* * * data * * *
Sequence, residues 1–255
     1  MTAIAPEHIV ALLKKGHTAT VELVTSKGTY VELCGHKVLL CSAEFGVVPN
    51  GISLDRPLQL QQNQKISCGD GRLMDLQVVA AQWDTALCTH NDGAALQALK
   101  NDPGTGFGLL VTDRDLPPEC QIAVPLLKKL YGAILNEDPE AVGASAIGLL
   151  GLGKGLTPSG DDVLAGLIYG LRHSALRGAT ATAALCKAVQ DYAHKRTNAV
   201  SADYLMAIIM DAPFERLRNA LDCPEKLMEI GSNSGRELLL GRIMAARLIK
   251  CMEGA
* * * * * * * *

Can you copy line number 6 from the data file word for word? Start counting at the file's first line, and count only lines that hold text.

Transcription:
   201  SADYLMAIIM DAPFERLRNA LDCPEKLMEI GSNSGRELLL GRIMAARLIK